Project Euler 12 (triangle numbers), solved using functools.reduce() and looping

I have solved problem 12 on Project Euler website, which reads:

The sequence of triangle numbers is generated by adding the natural numbers. So the 7th triangle number would be 1 + 2 + 3 + 4 + 5 + 6 + 7 = 28. The first ten terms would be:

1, 3, 6, 10, 15, 21, 28, 36, 45, 55, ...

Let us list the factors of the first seven triangle numbers:

1: 1
3: 1,3
6: 1,2,3,6
10: 1,2,5,10
15: 1,3,5,15
21: 1,3,7,21
28: 1,2,4,7,14,28

We can see that 28 is the first triangle number to have over five divisors.

What is the value of the first triangle number to have over five hundred divisors?

And I've solved this in two ways:

1.functools.reduce()

import math
from functools import reduce
import time

def primeFactors(n):
i = 2
factors = {}
num = 0
while i ** 2 <= n:
if n % i:
i += 1
else:
n //= i
num = factors.get(i, None)
if num is None:
factors[i] = 1
else:
factors[i] = num+1
if n > 1:
num = factors.get(n, None)
if num is None:
factors[n] = 1
else:
factors[n] = num+1
return factors

start_time = time.time()
numOfDivisors = 500
n = 2

while True:
t = int(n*(n+1)/2)
factors = primeFactors(t).values()

if reduce(lambda x, y: x*y, [t+1 for t in factors]) >= numOfDivisors:
print(t)
break
else:
n += 1

print("----%s seconds ----" % (time.time() - start_time))


2.for-loop

import math
import time

def primeFactors(n):
i = 2
factors = {}
num = 0
while i ** 2 <= n:
if n % i:
i += 1
else:
n //= i
num = factors.get(i, None)
if num is None:
factors[i] = 1
else:
factors[i] = num+1
if n > 1:
num = factors.get(n, None)
if num is None:
factors[n] = 1
else:
factors[n] = num+1
return factors

start_time = time.time()
numOfDivisors = 500
n = 2

while True:
t = int(n*(n+1)/2)
factors = primeFactors(t).values()

k = 1
for i in factors:
k *= (i+1)

if k >= numOfDivisors:
print(t)
break
else:
n += 1

print("----%s seconds ----" % (time.time() - start_time))


I tested out which one was faster, found that there was a fine line only:

1.670 secs and 1.678 secs

I attempted to calculate the average computing time by making the given number bigger from 500 to 1000, repeating this process 10 times.

But both solutions were done almost simultaneously:

1. functools.reduce

[13.616845607757568, 13.67394757270813, 13.623621225357056, 13.596383094787598, 13.657264471054077, 13.694176197052002, 13.669324398040771, 13.65349006652832, 13.66620421409607, 13.57088851928711, 13.686619901657104]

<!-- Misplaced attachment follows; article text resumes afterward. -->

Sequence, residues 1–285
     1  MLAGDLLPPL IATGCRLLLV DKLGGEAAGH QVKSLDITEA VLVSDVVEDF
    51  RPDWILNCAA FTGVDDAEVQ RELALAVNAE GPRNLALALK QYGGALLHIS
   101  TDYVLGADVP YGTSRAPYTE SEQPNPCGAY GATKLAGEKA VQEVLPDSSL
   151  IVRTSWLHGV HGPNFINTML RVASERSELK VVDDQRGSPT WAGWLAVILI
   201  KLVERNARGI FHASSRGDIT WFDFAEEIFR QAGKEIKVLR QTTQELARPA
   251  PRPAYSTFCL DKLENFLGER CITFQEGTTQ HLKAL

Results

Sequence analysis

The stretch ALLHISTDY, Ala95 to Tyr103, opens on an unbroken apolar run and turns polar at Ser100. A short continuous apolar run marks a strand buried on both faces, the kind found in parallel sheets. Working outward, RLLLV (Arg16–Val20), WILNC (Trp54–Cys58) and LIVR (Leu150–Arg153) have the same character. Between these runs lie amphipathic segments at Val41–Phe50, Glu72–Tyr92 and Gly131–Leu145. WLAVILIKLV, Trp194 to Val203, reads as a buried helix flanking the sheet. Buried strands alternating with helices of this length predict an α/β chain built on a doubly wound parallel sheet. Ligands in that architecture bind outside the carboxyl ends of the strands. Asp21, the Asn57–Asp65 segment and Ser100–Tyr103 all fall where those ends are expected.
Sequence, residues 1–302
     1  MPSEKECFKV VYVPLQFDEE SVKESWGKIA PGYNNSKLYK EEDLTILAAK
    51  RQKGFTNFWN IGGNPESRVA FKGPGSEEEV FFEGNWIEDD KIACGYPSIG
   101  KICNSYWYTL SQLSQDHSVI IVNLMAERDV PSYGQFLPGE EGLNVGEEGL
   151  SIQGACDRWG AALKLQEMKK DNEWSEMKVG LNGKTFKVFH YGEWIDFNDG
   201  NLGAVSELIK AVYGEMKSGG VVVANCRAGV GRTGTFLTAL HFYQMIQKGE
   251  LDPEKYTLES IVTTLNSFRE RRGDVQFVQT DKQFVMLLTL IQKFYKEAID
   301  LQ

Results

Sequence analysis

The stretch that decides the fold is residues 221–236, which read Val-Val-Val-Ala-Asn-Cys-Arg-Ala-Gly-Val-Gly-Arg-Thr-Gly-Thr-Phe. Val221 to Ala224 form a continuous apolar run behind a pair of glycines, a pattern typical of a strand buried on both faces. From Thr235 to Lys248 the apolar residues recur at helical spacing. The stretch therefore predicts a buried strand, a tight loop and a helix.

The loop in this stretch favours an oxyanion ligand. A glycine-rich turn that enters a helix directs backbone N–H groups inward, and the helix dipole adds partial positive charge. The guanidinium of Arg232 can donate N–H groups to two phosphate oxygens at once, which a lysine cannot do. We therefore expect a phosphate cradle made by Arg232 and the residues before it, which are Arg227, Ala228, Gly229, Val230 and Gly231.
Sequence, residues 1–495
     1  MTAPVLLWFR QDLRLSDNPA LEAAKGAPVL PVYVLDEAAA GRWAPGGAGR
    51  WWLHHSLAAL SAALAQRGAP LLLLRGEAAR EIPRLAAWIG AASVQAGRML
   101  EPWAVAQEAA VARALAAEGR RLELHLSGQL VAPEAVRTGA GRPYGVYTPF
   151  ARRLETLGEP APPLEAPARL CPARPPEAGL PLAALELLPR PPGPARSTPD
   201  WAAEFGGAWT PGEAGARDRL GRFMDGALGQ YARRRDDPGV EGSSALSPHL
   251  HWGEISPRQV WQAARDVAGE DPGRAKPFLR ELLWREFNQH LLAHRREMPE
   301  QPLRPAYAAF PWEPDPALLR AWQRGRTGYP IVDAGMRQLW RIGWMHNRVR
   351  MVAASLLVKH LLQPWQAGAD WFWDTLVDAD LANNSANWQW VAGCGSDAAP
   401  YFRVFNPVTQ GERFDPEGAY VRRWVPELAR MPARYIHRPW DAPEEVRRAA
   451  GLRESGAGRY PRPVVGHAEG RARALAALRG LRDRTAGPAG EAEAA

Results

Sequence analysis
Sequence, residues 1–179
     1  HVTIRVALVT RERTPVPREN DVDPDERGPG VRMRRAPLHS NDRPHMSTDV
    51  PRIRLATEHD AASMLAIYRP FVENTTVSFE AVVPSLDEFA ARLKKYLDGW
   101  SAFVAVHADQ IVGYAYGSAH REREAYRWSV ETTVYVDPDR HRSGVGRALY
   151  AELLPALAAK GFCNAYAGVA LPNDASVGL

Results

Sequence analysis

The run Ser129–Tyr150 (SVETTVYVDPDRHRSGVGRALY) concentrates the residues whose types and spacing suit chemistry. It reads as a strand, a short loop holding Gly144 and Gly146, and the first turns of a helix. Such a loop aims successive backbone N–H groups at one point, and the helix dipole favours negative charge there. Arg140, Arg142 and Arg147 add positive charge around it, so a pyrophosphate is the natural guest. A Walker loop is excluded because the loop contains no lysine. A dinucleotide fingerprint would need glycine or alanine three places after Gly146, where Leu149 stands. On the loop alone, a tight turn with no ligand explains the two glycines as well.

2. for-loop

[13.56181812286377, 13.686477422714233, 13.548126935958862, 13.565587759017944, 13.562162637710571, 13.556873798370361, 13.562631845474243, 13.572312593460083, 13.57419729232788, 13.567578315734863, 13.611796617507935]

Question: Are there any insignificant or significant differences between the two from a practical view and in a normal case, Or is this just a matter of behavior of two functions to use?

• Your solutions give 253 as the answer. A number that is smaller than 500 cannot possibly have over 500 divisors. – 200_success Aug 17 '16 at 18:34
• @200_success There was incorrect indentation in primeFactors function. I fixed this. And.. thanks for your revision. – fenslett Aug 18 '16 at 5:27

reduce should be faster, especially if you supply it with function that is written in C . Try replacing your multiplication lambda with operator.mul and see if anything changes.
There is a matter of style which of two functions to prefer, because more complex tasks would require more complex lambdas and the whole thing would be less comprehensible than for-loop. Thus, use of reduce was discouraged and it was moved into functools.
On the other hand, for less complicated tasks there are such things as sum, all and any. Latter two also short-circuit, whereas reduce does not.
• Could you source where it was said that reduce was removed as it didn't short-circuit? I always thought it was due to readability concerns – Peilonrayz Aug 17 '16 at 17:36